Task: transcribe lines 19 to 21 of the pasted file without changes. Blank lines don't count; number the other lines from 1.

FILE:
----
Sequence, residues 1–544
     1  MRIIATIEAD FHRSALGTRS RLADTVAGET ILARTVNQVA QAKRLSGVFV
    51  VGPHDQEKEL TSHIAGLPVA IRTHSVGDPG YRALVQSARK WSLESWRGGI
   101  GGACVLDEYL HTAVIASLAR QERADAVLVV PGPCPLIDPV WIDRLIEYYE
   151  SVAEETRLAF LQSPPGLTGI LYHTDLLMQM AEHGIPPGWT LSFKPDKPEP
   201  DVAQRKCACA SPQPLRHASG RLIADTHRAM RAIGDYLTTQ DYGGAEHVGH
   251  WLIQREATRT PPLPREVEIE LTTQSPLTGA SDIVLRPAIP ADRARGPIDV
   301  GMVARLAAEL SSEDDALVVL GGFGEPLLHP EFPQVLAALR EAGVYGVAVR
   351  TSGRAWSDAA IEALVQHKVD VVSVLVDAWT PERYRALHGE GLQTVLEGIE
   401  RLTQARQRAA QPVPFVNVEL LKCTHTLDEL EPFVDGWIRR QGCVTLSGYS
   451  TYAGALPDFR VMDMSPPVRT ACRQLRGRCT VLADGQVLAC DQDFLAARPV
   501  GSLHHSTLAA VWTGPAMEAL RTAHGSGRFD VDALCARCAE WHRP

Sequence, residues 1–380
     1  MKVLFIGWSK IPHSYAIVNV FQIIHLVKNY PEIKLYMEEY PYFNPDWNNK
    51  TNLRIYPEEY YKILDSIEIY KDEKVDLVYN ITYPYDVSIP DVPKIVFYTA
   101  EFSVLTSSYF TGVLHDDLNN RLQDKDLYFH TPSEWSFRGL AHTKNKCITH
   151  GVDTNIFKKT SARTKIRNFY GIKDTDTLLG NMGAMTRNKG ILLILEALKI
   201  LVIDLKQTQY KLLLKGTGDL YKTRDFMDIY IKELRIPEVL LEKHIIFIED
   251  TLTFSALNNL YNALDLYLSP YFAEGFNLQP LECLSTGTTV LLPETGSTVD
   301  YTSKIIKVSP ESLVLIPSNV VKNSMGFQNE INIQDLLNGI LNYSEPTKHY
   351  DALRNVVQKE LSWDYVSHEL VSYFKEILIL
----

   251  TLTFSALNNL YNALDLYLSP YFAEGFNLQP LECLSTGTTV LLPETGSTVD
   301  YTSKIIKVSP ESLVLIPSNV VKNSMGFQNE INIQDLLNGI LNYSEPTKHY
   351  DALRNVVQKE LSWDYVSHEL VSYFKEILIL